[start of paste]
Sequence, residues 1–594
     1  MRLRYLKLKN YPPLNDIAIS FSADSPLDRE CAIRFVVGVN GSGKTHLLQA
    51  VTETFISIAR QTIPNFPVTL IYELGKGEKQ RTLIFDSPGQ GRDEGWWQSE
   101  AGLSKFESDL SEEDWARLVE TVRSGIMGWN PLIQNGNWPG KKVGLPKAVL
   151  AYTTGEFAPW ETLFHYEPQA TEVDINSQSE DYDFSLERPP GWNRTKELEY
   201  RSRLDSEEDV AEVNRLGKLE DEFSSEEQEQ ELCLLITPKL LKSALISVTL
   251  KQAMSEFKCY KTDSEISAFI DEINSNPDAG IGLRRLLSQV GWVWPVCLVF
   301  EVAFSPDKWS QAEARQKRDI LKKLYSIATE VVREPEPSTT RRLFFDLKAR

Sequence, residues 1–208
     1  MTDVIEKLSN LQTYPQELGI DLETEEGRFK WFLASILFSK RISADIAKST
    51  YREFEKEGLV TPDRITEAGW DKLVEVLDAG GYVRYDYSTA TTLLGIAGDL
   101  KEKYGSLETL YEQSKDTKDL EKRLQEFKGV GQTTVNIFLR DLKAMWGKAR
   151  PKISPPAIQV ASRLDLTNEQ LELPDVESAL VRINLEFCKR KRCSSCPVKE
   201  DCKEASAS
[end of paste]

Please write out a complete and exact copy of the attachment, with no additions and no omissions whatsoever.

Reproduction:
Sequence, residues 1–594
     1  MRLRYLKLKN YPPLNDIAIS FSADSPLDRE CAIRFVVGVN GSGKTHLLQA
    51  VTETFISIAR QTIPNFPVTL IYELGKGEKQ RTLIFDSPGQ GRDEGWWQSE
   101  AGLSKFESDL SEEDWARLVE TVRSGIMGWN PLIQNGNWPG KKVGLPKAVL
   151  AYTTGEFAPW ETLFHYEPQA TEVDINSQSE DYDFSLERPP GWNRTKELEY
   201  RSRLDSEEDV AEVNRLGKLE DEFSSEEQEQ ELCLLITPKL LKSALISVTL
   251  KQAMSEFKCY KTDSEISAFI DEINSNPDAG IGLRRLLSQV GWVWPVCLVF
   301  EVAFSPDKWS QAEARQKRDI LKKLYSIATE VVREPEPSTT RRLFFDLKAR

Sequence, residues 1–208
     1  MTDVIEKLSN LQTYPQELGI DLETEEGRFK WFLASILFSK RISADIAKST
    51  YREFEKEGLV TPDRITEAGW DKLVEVLDAG GYVRYDYSTA TTLLGIAGDL
   101  KEKYGSLETL YEQSKDTKDL EKRLQEFKGV GQTTVNIFLR DLKAMWGKAR
   151  PKISPPAIQV ASRLDLTNEQ LELPDVESAL VRINLEFCKR KRCSSCPVKE
   201  DCKEASAS